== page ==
A study recently published by the American Institutes for Research (AIR) revealed the near-embarrassing fact that twenty percent of students enrolled in 4-year institutions and thirty percent of students enrolled in 2-year institutions do not have the basic skills for post-secondary education or employment. Students surveyed could not understand basic computations, nor could they understand basic documents. Students’ crucial knowledge base is still lacking, and this should not be news to any educator.
The cost in real dollars of the failure of our education system is staggering. Right now, I want to bring attention to the most direct cost: remediation at the college level. In a current report, Diploma to Nowhere, by Strong American Schools, students’ educational shortcomings result in up to $2.89 billion spent on remedial courses, mainly in math and English. Fifty percent of 4-year students seventy-five percent of 2-year students could not even test to a proficient level of literacy.
Placement in remedial courses is often shocking to students – 95% of remedial students reported completing most or all their work in high school, and most of these students had high school GPAs of above 3.0 and were enrolled in AP courses. As this signals an urgent need for genuine college preparation in high school, colleges should be preparing to accommodate these students as well.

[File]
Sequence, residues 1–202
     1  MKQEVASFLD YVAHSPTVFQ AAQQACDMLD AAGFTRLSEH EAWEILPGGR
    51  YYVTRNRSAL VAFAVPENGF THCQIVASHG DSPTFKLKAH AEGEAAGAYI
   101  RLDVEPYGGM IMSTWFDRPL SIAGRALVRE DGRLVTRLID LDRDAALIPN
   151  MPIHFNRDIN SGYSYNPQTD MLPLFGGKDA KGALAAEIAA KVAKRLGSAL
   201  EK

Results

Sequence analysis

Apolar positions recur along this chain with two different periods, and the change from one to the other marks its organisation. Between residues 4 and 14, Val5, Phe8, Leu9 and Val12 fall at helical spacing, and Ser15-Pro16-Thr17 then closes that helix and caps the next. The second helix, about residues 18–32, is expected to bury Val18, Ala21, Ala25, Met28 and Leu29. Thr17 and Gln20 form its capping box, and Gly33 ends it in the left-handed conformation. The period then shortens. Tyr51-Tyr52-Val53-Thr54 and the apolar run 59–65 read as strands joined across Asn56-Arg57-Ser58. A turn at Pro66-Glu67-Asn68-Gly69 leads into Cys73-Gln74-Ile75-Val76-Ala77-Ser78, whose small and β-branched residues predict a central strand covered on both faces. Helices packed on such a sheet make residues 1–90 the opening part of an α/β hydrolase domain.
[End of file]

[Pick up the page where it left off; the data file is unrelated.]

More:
There are wrong approaches to trying to turn this around. Investing more money into these initiatives proved ineffective ten years ago , and the purse will prove to be the wrong approach today. High schools are currently attempting to require high school exit exams in an attempt to ensure the readiness of their students. However, this issues falls back on the low expectations of their students, as the Center on Education Policy points out that many of the high school exit exams test at a 10th grade level. Elisabeth Barnett points out that high school exit exams and colleges require different things.
Support must come from internal focus and effective innovation at both the high school and college level. High schools must focus on challenging their students through rigorous and higher-order activities while raising their expectations of their students’ academics through difficult work rather than empty rhetoric. Speaking of, I’m working here internally to open source my College Readiness Curriculum, so I’ll speak more on that as it arises.
This problem is getting more and more costly, and I’m only talking about the direct costs. The externalities (sagging skill base in the work force, a culture of ignorance, college dropouts, etc) are far more costly and incalculable. According to the National Center of Education Statistics (NCES) in 1995, 35-40% of students in 2-year public institutions had to enroll in remedial courses. Today, that number is 43%. The same students – minorities, low-income students, and first-generation students – still make up the majority of the group. We must absolutely rally around this disappointing news. Innovators in this area please get in touch.